Winding up our discussion on the history of the keyboard, today let’s take a look at musical examples of both the pianoforte and its more developed counterpart of the 19th century.
The piano is often times used as both a solo instrument and as an accompaniment to another melody instrument (violin, flute, etc.) Around the time the pianoforte was first created, chamber music was also quite popular in the home. Expected to be accomplished on the piano, many young girls would lead in-home musical ensembles on the instrument while the young boys (who practiced less and therefore were not as good) would accompany the piano on string instruments.
One example of a composer who wrote for the early pianoforte is J.C. Bach, the youngest son of the infamous Johann Sebastian. He received his early training from his brother, Carl Philip Emmanuel following their father’s death. During his lifetime he composed 70 sonatas for keyboard instruments of various sorts, including the pianoforte. Did you know that he was the first person in England to play a concert on the new pianoforte in 1768? One example of his keyboard works is the Keyboard Sonata Op. 17.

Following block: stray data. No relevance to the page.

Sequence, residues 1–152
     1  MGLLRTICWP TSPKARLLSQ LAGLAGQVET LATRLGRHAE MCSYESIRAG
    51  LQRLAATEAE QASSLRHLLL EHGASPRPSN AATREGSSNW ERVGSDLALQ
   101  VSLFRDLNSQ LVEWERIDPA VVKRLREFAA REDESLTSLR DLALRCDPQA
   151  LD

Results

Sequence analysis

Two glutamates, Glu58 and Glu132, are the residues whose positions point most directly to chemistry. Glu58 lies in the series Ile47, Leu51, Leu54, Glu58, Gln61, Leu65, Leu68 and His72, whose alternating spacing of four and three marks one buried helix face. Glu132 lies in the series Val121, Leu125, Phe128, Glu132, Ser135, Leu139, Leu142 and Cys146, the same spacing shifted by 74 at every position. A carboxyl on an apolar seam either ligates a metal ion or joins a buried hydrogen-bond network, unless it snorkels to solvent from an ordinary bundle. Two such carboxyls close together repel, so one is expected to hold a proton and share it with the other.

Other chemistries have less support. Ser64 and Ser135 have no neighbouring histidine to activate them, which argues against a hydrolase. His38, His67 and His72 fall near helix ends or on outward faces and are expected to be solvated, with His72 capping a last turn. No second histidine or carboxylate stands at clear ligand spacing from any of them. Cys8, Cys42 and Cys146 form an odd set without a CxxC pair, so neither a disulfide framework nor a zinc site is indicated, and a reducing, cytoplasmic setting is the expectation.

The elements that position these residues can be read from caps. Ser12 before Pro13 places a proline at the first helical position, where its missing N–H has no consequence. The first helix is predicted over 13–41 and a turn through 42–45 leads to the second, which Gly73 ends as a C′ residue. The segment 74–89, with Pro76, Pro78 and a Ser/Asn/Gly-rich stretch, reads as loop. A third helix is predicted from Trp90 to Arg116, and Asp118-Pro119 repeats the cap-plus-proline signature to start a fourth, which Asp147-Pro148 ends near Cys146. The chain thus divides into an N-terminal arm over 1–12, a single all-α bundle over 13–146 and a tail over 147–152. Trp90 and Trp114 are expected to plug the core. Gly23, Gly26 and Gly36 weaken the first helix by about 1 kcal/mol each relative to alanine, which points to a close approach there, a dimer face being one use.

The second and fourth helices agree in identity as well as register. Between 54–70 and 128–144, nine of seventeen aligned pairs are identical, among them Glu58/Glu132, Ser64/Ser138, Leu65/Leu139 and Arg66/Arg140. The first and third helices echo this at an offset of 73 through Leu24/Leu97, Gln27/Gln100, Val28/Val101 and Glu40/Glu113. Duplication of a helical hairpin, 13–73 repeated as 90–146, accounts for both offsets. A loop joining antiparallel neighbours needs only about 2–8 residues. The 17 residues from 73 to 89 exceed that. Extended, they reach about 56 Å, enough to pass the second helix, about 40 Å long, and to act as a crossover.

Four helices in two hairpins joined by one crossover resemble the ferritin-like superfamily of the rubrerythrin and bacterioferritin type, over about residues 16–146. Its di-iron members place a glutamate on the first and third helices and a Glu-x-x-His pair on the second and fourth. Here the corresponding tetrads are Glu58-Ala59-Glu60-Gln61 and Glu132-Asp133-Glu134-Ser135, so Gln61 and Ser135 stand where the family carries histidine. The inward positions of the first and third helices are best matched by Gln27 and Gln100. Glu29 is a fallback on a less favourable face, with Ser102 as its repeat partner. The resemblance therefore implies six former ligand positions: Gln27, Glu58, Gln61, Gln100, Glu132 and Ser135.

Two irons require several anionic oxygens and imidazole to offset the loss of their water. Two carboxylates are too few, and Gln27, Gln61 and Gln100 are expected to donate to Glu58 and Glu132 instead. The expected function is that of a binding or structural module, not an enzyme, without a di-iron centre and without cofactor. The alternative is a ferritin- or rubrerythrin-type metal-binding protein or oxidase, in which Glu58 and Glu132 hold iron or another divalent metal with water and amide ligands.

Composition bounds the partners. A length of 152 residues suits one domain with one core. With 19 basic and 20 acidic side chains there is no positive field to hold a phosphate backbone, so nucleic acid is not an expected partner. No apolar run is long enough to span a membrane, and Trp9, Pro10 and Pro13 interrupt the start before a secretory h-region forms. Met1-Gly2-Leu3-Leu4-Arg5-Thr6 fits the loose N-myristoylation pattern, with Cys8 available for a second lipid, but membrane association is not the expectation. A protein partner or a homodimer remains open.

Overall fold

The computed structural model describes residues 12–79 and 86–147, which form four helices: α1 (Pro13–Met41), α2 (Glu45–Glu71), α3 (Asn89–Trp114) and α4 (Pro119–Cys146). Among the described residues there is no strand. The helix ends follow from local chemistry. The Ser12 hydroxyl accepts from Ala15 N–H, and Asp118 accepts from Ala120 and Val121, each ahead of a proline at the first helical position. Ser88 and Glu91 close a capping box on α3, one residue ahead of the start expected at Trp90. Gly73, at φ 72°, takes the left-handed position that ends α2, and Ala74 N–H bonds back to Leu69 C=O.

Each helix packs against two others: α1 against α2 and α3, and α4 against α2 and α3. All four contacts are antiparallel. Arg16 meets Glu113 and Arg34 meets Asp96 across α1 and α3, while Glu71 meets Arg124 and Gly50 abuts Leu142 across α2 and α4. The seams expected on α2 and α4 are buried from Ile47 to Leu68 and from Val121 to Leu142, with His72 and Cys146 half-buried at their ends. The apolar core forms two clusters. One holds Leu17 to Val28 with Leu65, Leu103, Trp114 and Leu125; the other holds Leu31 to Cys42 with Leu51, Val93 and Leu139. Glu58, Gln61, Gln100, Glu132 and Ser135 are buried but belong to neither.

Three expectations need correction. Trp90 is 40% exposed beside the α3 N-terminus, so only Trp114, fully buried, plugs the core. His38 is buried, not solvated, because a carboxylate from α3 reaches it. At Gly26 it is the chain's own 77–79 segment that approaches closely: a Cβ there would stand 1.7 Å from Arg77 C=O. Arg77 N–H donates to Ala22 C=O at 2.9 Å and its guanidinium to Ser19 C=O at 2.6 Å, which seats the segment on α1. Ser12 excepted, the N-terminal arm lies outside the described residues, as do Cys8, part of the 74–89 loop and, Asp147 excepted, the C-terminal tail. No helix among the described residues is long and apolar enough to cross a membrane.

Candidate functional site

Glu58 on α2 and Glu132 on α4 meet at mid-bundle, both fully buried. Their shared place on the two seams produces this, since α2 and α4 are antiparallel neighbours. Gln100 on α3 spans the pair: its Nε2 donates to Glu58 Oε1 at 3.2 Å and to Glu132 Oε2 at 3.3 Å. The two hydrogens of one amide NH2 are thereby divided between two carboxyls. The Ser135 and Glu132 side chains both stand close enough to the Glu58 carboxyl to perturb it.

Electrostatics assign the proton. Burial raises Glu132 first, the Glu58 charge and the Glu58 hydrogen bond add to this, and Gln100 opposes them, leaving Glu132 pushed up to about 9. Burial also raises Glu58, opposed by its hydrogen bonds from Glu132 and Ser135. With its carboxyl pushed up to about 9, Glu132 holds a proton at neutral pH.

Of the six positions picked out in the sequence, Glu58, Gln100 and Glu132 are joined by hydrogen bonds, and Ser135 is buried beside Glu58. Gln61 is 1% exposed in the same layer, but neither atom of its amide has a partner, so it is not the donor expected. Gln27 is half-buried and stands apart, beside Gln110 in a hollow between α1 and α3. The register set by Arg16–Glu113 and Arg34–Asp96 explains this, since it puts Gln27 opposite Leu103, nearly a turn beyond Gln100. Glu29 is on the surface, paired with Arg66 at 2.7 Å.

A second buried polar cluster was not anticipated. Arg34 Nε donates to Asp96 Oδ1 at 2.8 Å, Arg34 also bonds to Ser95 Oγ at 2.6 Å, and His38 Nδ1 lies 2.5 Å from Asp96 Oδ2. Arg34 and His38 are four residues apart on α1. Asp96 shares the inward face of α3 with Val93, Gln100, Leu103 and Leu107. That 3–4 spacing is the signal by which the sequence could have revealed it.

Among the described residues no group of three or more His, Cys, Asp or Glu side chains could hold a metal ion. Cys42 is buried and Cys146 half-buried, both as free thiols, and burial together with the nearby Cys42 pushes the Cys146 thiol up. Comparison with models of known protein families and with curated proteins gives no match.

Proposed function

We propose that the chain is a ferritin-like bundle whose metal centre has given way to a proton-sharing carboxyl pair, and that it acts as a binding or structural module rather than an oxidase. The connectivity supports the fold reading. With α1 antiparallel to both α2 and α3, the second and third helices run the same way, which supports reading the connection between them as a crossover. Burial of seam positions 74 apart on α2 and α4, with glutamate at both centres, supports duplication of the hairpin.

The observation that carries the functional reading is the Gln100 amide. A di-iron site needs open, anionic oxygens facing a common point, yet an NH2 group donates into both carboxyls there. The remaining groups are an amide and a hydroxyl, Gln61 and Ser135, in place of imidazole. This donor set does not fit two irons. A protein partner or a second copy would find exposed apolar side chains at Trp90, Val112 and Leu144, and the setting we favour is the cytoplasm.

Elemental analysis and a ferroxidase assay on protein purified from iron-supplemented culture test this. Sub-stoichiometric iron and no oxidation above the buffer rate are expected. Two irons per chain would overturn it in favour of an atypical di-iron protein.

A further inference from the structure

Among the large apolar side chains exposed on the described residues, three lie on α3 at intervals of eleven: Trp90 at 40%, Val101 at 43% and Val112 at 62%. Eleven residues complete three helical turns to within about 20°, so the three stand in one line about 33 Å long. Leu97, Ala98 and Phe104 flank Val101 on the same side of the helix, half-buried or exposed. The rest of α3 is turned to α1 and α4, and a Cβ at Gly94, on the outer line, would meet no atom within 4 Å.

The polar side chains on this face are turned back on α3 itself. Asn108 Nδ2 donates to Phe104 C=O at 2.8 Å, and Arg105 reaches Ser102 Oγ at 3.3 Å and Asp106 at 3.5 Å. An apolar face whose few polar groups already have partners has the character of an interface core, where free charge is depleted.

During the 19th century, one prominent composer for the piano was Frederic Chopin. Listen to his Mazurka Op. 6, No. 3 and compare its style and sound to that of the pianoforte. A Mazurka is a Polish dance in triple meter with the accent placed on either the second or third beat. Composers wrote them either as purely an art form or sometimes for actual use. Chopin’s Mazurkas are inspired by Polish folk music. This particular example sounds like a rustic dance with a drone bass and was composed for use.
Now that we’ve walked through several types of keyboard instruments over the past several weeks, what do you think? Do you have a favorite?